When Todd Hastings of Nashville, Tennessee, separated from and later divorced his wife, he became the primary caregiver of their two children. He traded in a corporate communications job for chauffeuring his daughter and son, then ages 12 and 6, to soccer practice, doctors’ appointments, and after-school activities.
“I decided they were the most important things,” says Hastings, “and I was lucky enough to have savings and financial and emotional support from my family to be able to do it.”
For other parents, the arrangement makes a lot of financial sense. When his daughter Esme was born, part-time fourth-grade teacher Richard Vernon exchanged his job for changing diapers, visiting playgrounds, and walking around his neighborhood in Brooklyn, New York, with an infant attached to him.
He didn’t work during the summer and his wife, Andrea, got a job promotion while she was still on maternity leave. Vernon says, “There was no way my job would be able to compete.”
He also really wanted to do it.
“I had already outlined my vision of being the at-home parent,” says Vernon. And when it happened, “I felt that I’d won the prize.”
Dads who are at home caring for their kids are becoming more common in the United States: in 2016, 7 percent were, compared with 4 percent in 1989, the first year for which reliable data are available. That means 17 percent of all stay-at-home parents in 2016 were fathers. Nearly three decades earlier, only 10 percent were.
“A growing share of stay-at-home fathers say they are home specifically to care for their home or family, suggesting that changing gender roles may be at play,” says Gretchen Livingston, a senior researcher at the Pew Research Center and an expert on family demographics. “Twenty-four percent of stay-at-home fathers say they are home for this reason.”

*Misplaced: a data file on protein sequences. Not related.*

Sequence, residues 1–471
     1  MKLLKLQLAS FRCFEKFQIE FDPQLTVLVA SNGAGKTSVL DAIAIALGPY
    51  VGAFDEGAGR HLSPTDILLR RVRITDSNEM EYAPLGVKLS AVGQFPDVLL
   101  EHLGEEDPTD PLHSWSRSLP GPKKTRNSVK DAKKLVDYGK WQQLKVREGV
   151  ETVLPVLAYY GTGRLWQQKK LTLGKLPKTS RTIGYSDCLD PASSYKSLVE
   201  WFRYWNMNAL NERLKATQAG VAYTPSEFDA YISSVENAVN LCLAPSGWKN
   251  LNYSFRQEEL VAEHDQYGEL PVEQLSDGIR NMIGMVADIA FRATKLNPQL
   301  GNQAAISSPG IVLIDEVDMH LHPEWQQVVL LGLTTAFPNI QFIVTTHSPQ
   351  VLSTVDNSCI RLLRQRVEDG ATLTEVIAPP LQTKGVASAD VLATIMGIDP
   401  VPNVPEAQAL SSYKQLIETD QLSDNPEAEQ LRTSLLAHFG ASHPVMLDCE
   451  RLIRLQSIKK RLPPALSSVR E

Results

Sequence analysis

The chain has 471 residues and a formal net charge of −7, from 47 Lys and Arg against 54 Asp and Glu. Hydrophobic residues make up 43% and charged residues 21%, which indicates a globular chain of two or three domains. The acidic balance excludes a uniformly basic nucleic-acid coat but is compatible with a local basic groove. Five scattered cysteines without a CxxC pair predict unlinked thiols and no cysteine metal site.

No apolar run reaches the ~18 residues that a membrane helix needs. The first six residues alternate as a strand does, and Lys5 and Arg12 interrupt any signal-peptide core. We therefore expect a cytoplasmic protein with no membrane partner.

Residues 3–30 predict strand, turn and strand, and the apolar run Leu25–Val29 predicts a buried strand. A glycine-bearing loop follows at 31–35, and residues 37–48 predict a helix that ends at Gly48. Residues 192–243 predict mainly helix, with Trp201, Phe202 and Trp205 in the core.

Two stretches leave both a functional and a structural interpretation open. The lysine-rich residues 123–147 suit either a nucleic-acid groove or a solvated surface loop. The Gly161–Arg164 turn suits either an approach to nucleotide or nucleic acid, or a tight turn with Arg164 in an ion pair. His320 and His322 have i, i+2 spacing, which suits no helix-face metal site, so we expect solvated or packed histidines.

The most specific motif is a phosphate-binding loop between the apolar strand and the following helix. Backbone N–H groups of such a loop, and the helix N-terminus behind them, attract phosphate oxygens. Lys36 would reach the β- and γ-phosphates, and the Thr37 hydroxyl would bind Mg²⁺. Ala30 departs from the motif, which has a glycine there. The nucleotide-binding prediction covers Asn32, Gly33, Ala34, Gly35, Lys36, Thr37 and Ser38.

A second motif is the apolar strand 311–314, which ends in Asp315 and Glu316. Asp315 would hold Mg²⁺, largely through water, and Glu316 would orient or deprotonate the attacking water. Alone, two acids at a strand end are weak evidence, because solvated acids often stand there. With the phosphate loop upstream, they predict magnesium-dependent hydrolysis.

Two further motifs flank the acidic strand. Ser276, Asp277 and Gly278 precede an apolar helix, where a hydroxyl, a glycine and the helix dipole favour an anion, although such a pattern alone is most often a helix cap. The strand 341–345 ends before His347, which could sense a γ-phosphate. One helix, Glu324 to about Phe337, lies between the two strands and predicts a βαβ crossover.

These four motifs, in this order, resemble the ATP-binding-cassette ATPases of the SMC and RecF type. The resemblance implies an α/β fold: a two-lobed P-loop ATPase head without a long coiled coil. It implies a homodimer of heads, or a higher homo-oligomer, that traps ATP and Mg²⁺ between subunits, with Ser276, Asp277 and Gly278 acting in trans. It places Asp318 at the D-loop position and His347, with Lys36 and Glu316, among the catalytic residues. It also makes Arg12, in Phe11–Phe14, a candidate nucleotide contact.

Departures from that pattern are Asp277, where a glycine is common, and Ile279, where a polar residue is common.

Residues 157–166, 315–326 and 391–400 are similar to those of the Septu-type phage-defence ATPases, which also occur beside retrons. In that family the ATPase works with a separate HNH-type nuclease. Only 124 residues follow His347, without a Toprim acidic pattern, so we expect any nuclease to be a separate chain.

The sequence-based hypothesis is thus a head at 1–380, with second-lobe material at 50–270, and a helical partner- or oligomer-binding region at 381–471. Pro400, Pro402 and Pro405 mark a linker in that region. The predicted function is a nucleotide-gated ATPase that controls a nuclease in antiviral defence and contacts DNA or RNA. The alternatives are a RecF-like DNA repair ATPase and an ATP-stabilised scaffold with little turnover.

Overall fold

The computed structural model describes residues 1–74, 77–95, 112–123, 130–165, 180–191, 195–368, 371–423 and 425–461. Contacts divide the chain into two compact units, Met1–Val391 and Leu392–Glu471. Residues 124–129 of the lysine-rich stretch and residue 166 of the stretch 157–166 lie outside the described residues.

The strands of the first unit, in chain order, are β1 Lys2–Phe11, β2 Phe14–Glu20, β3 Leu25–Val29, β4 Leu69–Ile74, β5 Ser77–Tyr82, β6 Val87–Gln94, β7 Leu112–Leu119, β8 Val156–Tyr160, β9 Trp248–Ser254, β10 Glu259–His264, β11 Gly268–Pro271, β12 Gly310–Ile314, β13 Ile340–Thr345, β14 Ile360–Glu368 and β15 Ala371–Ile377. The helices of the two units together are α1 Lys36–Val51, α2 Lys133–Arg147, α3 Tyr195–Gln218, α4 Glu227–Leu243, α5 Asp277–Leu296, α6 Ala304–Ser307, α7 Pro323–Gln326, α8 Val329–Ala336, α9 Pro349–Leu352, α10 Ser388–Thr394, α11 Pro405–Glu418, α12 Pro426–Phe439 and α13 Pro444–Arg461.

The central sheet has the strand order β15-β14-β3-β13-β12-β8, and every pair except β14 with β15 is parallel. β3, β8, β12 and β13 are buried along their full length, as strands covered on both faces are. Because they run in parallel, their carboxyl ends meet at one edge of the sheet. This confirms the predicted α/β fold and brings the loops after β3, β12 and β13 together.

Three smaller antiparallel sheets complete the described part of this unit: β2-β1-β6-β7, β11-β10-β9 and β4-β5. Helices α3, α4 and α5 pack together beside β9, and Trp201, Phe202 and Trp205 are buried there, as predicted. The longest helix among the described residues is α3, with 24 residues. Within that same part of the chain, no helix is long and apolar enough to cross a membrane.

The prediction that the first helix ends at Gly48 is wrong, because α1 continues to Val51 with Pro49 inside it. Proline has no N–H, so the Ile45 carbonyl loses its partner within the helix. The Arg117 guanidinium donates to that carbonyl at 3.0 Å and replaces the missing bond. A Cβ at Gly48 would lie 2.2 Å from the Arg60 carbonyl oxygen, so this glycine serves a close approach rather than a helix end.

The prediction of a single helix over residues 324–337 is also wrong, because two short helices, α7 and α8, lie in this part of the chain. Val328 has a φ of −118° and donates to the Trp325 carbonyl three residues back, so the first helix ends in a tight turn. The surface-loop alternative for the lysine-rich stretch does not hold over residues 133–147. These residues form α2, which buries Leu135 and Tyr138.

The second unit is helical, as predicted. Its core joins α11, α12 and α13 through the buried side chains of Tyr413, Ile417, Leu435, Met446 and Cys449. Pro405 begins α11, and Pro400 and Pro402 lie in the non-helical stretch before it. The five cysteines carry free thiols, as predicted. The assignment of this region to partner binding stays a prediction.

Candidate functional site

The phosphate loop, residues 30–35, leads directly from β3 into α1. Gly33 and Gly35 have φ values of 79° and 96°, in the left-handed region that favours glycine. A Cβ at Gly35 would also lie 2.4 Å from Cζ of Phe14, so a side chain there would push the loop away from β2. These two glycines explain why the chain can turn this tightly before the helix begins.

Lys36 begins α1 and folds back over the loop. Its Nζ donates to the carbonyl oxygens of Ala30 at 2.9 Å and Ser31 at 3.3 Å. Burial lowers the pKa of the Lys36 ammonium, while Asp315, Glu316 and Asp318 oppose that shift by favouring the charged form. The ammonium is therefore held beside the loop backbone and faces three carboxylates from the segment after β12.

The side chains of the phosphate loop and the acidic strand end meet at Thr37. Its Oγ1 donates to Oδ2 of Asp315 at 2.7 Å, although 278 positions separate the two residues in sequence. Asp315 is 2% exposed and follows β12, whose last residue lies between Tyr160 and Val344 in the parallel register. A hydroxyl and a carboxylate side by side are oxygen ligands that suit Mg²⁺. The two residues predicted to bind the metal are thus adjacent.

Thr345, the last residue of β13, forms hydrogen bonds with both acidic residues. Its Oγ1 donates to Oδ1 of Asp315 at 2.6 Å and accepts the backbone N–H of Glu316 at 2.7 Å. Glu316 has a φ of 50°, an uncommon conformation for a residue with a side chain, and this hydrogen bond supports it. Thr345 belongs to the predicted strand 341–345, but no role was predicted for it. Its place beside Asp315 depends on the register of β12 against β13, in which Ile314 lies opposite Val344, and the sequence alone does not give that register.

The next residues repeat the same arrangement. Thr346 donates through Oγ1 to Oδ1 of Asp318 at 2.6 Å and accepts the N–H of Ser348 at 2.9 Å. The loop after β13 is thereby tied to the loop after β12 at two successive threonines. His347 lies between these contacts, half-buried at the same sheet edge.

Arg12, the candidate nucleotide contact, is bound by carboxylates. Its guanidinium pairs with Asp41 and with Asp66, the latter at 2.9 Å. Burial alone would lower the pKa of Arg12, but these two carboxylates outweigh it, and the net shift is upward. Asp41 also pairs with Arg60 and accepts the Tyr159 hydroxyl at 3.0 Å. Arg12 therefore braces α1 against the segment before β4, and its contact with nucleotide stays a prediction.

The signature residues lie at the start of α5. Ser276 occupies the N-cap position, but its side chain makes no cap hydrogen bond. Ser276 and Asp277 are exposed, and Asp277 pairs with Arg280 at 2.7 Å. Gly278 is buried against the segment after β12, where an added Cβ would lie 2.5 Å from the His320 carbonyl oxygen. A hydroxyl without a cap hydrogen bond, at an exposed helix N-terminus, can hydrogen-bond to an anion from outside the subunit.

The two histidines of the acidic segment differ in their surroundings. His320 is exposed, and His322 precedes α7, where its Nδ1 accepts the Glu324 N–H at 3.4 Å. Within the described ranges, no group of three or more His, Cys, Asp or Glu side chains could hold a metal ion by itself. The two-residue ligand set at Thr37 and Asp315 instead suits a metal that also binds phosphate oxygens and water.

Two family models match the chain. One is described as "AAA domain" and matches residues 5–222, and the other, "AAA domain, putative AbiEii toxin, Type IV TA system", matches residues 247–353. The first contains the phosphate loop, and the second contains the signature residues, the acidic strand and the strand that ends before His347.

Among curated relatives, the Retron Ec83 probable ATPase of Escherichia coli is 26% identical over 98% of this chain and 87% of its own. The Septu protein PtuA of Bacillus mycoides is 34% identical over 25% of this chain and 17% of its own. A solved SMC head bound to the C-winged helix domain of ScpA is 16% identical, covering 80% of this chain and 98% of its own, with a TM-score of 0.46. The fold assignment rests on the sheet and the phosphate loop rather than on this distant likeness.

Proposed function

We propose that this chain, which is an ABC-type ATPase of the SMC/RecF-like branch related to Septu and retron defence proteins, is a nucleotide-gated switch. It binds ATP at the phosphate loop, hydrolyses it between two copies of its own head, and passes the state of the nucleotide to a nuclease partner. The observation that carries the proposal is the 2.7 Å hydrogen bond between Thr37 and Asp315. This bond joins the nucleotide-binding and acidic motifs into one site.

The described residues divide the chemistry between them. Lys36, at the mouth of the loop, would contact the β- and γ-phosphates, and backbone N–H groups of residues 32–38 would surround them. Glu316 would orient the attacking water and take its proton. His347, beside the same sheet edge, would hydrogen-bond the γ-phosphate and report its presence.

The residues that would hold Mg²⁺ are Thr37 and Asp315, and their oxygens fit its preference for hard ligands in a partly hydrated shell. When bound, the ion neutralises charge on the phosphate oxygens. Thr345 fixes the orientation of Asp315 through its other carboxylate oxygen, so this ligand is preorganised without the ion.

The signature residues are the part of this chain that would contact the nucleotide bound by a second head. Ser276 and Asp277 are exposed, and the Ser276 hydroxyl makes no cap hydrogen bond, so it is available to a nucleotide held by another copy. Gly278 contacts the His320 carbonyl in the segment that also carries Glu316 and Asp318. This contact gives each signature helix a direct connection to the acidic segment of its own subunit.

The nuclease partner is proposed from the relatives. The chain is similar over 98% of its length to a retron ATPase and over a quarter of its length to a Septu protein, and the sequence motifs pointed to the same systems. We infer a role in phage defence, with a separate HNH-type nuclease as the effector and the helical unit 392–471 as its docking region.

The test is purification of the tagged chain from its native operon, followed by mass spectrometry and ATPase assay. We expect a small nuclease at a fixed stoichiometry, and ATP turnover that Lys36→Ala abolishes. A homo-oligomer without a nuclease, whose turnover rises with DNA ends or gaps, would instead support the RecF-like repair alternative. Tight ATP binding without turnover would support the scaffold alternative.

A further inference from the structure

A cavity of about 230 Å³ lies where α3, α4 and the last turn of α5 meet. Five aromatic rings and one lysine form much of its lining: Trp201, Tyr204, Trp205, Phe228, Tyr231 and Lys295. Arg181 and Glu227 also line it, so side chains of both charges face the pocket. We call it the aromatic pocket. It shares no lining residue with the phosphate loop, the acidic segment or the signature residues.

Their partners’ career advances are likely a big factor in the decision for dads to stay home. It was for Julie and Joel Bernard, currently living in Charlotte, North Carolina. Eight years ago, when Julie took a new job as a partner at a consulting firm, Joel quit his job as a head of sales operations for a corporate division. In addition to assuming the day-to-day responsibilities of his two sons, ages 6 and 8, he also cared for his mother, who was developing health issues, as well as his brother, who has Down syndrome and began to have kidney failure. Bernard says transitioning to caregiving duties was tough, but after about nine months, he began to develop a routine, including doing some consulting work.
“Everyone thought, ‘Dude, you’re living the life,’” says Bernard. “But for an outgoing extrovert, it’s incredibly lonely. I couldn’t hang out with the stay-at-home moms — that would have driven their husbands nuts. The isolation really surprised me.”
It surprised Hastings, too, that eight years of being a primary caregiver isolated him from his previous life.
“At some point over the years of child rearing, I wasn’t creating social opportunities apart from the kids,” says Hastings. Now, that the kids are older — his daughter is in college and his son is in high school near his ex-wife — Hastings wants to begin to “function as a full-fledged adult again” by reengaging with friends and returning to the workforce.
After he stayed home with his kids, also for eight years, communications professional Chris Peacock of San Jose, California, says that getting back into the workforce was tricky. “I had to learn to translate the work I did when I wasn’t getting paid” so that employers would value his unpaid time serving on boards, working on strategic plans for local organizations, and helping with the presidential debates.
Was Peacock happy he did it?
“Absolutely,” he says. “It created some challenges, but we were lucky enough to be able to make it work and it was well worth any belt-tightening and related measures,” says Peacock, who has landed a job at a university. “Any frustration was far outweighed by the time I spent with my kids.”